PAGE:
Deportation row is between Taiwan and China: Manila


MANILA — The Presidential Office of the Philippines said yesterday that a dispute on the jurisdiction of 14 Taiwanese fraud suspects deported to China by Manila last week should be decided by Taiwan and China.

In an interview with DZMM Radio, Philippine Presidential Executive Secretary Paquito N. Ochoa Jr. said the Taiwanese suspects, nabbed under a joint Philippine-Chinese police operation, were deported to China along with 10 Chinese accomplices, as they were unable to identify themselves as Taiwanese.

Ochoa said that since the Philippines follows a “one China policy,” sending the suspects to China merely showed respect for the policy.

It was the first official comment from the Philippine Presidential Office since the row came under the spotlight Feb. 2.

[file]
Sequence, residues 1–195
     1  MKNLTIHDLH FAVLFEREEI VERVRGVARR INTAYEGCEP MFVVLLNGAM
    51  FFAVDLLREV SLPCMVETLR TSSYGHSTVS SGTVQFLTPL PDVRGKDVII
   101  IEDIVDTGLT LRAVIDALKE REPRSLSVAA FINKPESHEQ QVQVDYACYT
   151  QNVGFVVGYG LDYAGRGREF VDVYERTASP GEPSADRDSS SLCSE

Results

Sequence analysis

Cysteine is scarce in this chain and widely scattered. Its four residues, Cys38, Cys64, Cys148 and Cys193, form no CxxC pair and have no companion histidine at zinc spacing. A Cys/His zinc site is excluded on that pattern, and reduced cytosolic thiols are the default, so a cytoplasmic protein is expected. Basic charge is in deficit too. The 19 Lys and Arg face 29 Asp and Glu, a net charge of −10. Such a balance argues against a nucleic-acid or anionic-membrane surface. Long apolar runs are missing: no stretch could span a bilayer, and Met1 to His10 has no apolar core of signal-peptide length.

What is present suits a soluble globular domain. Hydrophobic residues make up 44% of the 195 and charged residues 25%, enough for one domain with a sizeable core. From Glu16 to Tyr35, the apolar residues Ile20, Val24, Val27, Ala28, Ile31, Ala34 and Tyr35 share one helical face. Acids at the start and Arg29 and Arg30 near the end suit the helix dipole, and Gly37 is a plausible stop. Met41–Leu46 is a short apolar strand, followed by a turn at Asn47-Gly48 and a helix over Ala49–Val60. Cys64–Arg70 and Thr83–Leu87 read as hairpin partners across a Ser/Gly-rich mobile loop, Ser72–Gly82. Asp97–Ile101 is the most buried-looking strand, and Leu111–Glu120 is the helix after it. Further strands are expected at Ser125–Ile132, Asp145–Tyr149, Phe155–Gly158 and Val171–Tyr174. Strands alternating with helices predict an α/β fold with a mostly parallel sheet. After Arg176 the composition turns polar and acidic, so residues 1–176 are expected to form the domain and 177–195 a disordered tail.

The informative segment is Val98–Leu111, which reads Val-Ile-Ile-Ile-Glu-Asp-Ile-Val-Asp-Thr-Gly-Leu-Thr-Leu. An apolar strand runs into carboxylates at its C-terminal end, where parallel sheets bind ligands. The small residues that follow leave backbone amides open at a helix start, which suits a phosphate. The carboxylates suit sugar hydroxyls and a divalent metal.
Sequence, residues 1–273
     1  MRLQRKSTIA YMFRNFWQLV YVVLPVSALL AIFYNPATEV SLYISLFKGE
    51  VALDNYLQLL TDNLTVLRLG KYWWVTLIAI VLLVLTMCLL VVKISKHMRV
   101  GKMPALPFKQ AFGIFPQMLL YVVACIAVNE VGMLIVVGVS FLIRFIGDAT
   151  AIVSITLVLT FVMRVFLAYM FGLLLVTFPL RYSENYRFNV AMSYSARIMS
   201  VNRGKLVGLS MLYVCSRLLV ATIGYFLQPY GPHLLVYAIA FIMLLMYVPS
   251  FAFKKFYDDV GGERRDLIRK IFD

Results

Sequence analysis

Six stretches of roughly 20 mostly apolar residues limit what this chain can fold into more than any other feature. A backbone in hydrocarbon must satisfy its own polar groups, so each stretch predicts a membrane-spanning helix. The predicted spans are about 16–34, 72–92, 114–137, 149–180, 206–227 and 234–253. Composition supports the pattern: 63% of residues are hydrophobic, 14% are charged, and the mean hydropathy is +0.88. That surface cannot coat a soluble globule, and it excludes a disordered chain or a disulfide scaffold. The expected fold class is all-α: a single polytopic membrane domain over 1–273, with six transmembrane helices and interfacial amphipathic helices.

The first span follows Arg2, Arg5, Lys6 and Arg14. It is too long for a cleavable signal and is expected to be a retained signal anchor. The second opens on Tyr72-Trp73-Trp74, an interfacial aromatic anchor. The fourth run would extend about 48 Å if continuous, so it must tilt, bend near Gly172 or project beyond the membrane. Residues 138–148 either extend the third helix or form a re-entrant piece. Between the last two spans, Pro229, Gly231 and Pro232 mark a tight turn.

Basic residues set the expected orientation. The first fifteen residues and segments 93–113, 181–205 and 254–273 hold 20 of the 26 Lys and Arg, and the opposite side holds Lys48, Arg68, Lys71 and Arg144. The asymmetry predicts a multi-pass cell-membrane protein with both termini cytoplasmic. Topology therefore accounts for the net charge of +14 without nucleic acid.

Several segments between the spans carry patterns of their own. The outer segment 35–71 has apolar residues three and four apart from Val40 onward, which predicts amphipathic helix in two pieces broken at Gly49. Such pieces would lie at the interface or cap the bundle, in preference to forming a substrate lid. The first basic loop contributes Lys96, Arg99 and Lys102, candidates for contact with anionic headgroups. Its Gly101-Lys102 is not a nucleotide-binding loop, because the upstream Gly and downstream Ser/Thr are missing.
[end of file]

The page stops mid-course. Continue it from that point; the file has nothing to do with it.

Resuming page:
The incident has caused mounting outcry from across party lines in Taiwan since the Manila immigration authorities deported the Taiwanese nationals to China, ignoring demands by Taiwanese representatives in Manila.

As part of a series of retaliatory measures, Taiwan announced Feb. 7 that it was recalling its envoy to Manila and implementing a stricter screening of applications by Filipino workers seeking employment in Taiwan. Currently, around 77,000 men and women from the Philippines are working in Taiwan.

It also demanded that China send the 14 Taiwanese back to face justice in Taiwan.

Meanwhile, an opposition lawmaker demanded that Taiwan’s representative to the Philippines, Donald Lee, be recalled immediately for investigation into what he described as Lee’s dereliction of duty.

Democratic Progressive Party Legislator Tsai Huang-liang said that even though the suspects were detained late last year, Lee failed to use the 30-odd intervening days to nip the crisis in the bud.

According to Tsai, Lee was reportedly busy treating his relatives Feb. 3,”the day after Taiwan’s judicial jurisdiction was disrespected.”